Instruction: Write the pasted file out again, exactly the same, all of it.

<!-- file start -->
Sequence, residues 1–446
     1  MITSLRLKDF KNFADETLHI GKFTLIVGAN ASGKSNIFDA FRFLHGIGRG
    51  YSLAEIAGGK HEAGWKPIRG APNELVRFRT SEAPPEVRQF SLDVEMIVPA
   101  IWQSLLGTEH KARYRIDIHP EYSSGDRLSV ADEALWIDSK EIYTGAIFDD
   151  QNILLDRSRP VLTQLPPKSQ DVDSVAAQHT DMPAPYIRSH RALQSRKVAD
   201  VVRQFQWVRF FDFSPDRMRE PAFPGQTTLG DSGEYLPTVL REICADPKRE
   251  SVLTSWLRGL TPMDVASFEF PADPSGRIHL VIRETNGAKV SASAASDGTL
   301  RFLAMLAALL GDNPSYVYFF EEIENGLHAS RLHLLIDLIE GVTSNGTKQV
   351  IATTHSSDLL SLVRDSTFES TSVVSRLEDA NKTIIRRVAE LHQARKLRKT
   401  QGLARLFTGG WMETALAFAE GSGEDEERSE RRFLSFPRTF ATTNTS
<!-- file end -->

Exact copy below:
Sequence, residues 1–446
     1  MITSLRLKDF KNFADETLHI GKFTLIVGAN ASGKSNIFDA FRFLHGIGRG
    51  YSLAEIAGGK HEAGWKPIRG APNELVRFRT SEAPPEVRQF SLDVEMIVPA
   101  IWQSLLGTEH KARYRIDIHP EYSSGDRLSV ADEALWIDSK EIYTGAIFDD
   151  QNILLDRSRP VLTQLPPKSQ DVDSVAAQHT DMPAPYIRSH RALQSRKVAD
   201  VVRQFQWVRF FDFSPDRMRE PAFPGQTTLG DSGEYLPTVL REICADPKRE
   251  SVLTSWLRGL TPMDVASFEF PADPSGRIHL VIRETNGAKV SASAASDGTL
   301  RFLAMLAALL GDNPSYVYFF EEIENGLHAS RLHLLIDLIE GVTSNGTKQV
   351  IATTHSSDLL SLVRDSTFES TSVVSRLEDA NKTIIRRVAE LHQARKLRKT
   401  QGLARLFTGG WMETALAFAE GSGEDEERSE RRFLSFPRTF ATTNTS